A 3D representation of Professor Maggiore's concept helicopter
using QUARC's 3D visualization tools.

Quanser: What was the methodology you used to tackle the problem?
Prof. Maggiore: Developing helicopter prototypes is expensive and time-consuming. Additionally, significant discrepancies exist between the actual behaviour of the helicopter and that of its mathematical model. Such discrepancies are so relevant that they can invalidate a theoretical control design. One of the main causes of the above discrepancies is the uncertainty in the models of sensors and actuators.
Concerning sensors, it is well-known that the estimate of the helicopter attitude using IMU (inertial measurement unit) measurements and complementary filters is noisy and inaccurate. With regard to actuators, the aerodynamic models typically used to model the lift generated by propellers are overly simplified, and do not take into account the motor dynamics and a number of aerodynamic effects. For our coaxial helicopter, we imagined that the moving mass actuator would limit the performance of the closed-loop system, but we had no concrete idea of the extent of this limitation.
We wanted to test our controllers in a realistic scenario that would take into account sensor and actuator limitations, but without having to spend the time and money to develop a full helicopter prototype. We used the Quanser 3 DOF Gyroscope experiment to do a hardware-in-the-loop simulation of the coaxial helicopter.
Shown:  HIL rapid prototyping device consisting of Quanser's 3 DOF Gyroscope
retrofitted with Quanser's HiQ avionics sensor board.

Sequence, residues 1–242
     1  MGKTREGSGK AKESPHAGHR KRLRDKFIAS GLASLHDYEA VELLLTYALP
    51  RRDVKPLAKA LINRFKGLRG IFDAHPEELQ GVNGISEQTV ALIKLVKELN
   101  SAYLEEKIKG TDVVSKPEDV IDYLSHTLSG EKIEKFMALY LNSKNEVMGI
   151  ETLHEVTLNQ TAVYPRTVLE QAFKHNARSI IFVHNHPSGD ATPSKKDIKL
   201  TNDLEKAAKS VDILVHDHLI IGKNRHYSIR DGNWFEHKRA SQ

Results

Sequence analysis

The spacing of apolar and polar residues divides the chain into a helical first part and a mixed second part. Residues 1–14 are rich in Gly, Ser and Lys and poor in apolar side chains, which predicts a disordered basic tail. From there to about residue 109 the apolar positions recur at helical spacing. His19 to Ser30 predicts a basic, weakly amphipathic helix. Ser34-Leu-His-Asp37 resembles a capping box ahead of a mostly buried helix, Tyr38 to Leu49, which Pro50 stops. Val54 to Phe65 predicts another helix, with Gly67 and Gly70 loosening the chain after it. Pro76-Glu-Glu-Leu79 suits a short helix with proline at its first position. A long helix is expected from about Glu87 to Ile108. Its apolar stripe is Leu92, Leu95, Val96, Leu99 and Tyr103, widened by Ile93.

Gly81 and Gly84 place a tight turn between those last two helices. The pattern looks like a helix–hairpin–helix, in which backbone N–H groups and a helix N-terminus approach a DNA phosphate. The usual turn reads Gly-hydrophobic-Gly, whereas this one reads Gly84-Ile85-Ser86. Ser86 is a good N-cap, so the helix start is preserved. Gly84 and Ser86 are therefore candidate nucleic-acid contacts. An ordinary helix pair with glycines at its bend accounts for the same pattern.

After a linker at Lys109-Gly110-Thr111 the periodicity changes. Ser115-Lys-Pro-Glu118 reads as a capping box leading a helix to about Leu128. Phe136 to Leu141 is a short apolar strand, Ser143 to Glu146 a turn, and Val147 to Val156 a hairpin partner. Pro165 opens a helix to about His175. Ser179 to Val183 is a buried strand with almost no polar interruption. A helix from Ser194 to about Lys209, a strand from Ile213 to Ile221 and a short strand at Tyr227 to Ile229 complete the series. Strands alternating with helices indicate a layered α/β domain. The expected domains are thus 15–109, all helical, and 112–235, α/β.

This experiment works like this. A microcontroller with IMU is mounted on a plate placed at the centre of a fully actuated 3 DOF gyroscope. The gyroscope is driven by the Simulink simulation of the coaxial helicopter. In turn, the simulation receives inputs from real sensors and actuators. Specifically, the feedback in Simulink is implemented using actual IMU measurements, and the helicopter dynamics are affected by the actual displacement of the moving mass actuator, which is driven by the reference signals generated by the position controller in the Simulink diagram.

                                                                                                                      - Quanser Video 

Quanser: In using the hardware-in-the-loop platform to study the problem, did you discover anything about the problem that you would not have seen otherwise?
Prof. Maggiore: We realized that the moving mass actuator had a time delay of the order of 0.1 seconds which severely limited the stability and performance of the closed-loop system. This forced us to detune their controller to make it less aggressive. We also realized that although the sensor noise can be significant, it does not pose a stability problem. It only induces a steady-state error in the helicopter's position.
The moral of the story for us was that the design of a moving mass actuator is crucial, and it should be improved before trying to develop a prototype of a coaxial helicopter. The HIL scenario allowed us to do that quickly and without incurring major research costs.

Quanser: What benefits do you see for using this type of hardware-in-the-loop system in the classroom, undergraduate or graduate, or for research?